Is Python magical? Consider the trivial unit test below:
import unittest class TestSomething(unittest.TestCase): def test1(self): self.assert_(True) if __name__ == '__main__': unittest.main()
Unless you’re a Python guru, I’m sure you’ve wondered how
unittest.main() found and ran
TestSomething.test1. If you look at the
unittest source code, you find a nice trick:
# unittest.py class TestProgram: def __init__(...): ... self.runTests() main = TestProgram
unittest.main isn’t a function, it’s a class! So
unittest.main() creates a new
TestProgram object, whose initializer then goes ahead and runs the unit tests for you. But how does
TestProgram know to load the
TestSomething class and run
Most of this work is done by the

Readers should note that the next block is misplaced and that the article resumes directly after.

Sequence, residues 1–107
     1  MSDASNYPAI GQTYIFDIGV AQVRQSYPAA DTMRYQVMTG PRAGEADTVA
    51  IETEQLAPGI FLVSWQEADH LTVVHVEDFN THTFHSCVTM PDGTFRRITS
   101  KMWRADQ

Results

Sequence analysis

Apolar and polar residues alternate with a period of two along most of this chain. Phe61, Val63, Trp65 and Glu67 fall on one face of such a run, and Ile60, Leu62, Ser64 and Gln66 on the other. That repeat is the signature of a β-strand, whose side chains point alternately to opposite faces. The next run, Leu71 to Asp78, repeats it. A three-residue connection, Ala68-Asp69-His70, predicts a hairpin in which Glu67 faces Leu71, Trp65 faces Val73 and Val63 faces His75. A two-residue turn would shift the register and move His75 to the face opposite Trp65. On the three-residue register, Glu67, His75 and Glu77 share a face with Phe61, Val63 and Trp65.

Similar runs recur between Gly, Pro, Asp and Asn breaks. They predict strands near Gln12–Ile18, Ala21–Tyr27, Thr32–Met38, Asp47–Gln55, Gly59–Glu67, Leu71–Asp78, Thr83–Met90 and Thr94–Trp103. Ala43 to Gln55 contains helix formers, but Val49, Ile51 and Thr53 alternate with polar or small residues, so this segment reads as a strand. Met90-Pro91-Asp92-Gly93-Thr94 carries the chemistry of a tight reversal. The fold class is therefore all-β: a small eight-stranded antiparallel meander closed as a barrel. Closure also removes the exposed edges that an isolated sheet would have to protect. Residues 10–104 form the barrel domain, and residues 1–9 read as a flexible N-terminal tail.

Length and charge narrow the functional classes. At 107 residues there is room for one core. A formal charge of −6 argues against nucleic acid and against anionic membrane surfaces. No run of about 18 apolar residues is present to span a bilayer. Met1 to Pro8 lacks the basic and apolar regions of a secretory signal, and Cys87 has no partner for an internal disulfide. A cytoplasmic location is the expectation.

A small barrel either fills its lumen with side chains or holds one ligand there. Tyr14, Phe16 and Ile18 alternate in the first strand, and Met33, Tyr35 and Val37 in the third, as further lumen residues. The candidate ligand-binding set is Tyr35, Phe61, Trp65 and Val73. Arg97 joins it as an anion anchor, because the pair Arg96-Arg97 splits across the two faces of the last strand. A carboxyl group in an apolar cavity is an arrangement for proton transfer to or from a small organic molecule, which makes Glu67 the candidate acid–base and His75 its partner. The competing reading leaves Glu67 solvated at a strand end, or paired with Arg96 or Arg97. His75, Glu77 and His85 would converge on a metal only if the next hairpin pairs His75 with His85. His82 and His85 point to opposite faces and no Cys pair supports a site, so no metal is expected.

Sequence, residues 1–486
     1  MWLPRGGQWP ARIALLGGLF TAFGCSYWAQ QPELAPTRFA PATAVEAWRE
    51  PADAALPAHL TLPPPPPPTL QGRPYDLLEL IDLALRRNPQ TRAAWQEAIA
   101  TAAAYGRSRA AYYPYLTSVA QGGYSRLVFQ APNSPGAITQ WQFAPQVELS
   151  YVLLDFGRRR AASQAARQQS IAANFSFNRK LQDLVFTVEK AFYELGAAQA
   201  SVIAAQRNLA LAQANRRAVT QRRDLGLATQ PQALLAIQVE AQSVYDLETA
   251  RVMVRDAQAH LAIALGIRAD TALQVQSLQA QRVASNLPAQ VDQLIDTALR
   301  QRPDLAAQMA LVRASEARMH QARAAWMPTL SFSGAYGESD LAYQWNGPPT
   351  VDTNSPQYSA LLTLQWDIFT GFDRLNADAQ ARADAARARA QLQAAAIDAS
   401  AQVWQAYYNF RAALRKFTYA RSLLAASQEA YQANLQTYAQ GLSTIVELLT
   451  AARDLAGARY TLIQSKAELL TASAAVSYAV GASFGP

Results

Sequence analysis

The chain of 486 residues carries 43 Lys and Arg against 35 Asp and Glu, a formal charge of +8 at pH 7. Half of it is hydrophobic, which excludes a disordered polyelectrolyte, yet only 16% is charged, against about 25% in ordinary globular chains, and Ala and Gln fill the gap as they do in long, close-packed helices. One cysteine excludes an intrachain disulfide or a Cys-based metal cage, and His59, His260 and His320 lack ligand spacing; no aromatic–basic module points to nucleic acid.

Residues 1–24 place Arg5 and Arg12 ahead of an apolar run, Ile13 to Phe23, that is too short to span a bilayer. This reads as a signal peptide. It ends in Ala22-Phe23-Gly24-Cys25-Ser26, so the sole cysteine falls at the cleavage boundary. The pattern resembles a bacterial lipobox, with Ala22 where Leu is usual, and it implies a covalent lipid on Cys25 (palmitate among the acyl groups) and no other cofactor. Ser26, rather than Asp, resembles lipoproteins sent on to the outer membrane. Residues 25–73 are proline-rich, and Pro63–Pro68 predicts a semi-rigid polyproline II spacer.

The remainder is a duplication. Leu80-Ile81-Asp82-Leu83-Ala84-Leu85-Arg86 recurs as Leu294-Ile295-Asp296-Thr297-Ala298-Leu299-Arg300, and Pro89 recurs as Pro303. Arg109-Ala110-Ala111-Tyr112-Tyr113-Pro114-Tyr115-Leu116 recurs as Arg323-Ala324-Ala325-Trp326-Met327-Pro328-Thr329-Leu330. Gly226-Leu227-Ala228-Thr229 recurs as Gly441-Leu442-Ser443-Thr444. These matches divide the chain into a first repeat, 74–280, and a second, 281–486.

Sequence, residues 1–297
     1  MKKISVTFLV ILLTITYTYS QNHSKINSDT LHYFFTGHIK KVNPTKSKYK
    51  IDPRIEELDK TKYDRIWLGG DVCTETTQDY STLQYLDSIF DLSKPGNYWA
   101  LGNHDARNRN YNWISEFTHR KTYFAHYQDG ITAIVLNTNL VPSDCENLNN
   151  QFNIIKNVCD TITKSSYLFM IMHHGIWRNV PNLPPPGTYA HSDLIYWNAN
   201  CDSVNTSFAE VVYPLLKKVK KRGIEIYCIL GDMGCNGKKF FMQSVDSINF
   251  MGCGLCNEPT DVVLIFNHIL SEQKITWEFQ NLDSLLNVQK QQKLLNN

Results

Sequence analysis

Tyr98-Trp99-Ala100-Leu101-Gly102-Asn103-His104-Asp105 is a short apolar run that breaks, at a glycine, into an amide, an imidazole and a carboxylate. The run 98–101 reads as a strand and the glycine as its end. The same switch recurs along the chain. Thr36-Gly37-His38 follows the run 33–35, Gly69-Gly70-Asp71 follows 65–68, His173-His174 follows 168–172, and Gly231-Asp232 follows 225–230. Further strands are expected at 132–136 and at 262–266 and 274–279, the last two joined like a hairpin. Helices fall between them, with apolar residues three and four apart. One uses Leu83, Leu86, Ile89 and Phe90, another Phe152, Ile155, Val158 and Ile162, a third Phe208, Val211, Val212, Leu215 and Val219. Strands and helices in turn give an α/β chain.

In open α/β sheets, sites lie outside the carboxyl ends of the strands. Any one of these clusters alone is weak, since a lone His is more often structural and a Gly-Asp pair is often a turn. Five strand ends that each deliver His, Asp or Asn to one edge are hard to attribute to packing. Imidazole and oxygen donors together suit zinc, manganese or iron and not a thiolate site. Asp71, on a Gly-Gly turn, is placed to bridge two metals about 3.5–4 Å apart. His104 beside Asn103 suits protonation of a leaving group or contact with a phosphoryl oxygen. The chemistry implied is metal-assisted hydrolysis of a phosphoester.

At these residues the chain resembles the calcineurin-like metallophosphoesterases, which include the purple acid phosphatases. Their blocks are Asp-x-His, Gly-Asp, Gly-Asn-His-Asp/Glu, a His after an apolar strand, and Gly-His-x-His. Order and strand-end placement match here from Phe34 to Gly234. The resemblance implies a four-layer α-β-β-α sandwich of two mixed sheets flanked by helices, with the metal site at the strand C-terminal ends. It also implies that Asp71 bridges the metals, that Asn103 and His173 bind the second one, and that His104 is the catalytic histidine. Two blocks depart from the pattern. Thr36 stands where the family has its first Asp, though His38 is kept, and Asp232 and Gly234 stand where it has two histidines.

TestLoader will look at the current module (i.e. your current file), examine each class in it, and load classes that inherit
TestLoader will look inside these classes for methods that have
test as their prefix.
TestProgram will know what tests it needs to run.
unittest is more complicated than this, but this describes the main flow of
unittest. I suggest that you download the Python source code and read
unittest.py yourself. It’s a lot of fun, really. Plus, reading source code is a great way to improve and enrich your coding, and Python’s source is one of the best treasures around.
Archived comments; imported from Posterous
3530 views and 1 response
Oct 15 2011, 1:52 PM
Steffen Hoffmann responded:
Thanks for sharing this - exactly what I was looking for (before looking into the code itself). As soon as one has got a clue about Python in general, I agree strongly that the code, commented or not, is a valuable resource.